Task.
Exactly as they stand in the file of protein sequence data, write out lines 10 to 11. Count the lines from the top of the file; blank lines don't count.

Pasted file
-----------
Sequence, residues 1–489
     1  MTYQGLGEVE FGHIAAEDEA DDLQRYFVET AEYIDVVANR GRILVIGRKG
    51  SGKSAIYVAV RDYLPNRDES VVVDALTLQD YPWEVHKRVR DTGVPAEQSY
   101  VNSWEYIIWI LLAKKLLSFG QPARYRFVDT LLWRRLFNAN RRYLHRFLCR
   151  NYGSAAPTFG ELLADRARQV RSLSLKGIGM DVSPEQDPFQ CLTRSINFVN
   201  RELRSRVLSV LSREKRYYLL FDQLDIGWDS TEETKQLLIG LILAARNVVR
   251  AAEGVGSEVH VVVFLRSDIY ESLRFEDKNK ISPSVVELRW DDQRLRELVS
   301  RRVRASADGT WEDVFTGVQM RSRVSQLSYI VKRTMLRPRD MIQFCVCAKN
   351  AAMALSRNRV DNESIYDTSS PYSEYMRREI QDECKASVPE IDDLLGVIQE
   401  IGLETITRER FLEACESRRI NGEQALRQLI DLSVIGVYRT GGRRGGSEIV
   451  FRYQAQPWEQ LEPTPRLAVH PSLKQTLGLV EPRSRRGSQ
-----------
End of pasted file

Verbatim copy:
   401  IGLETITRER FLEACESRRI NGEQALRQLI DLSVIGVYRT GGRRGGSEIV
   451  FRYQAQPWEQ LEPTPRLAVH PSLKQTLGLV EPRSRRGSQ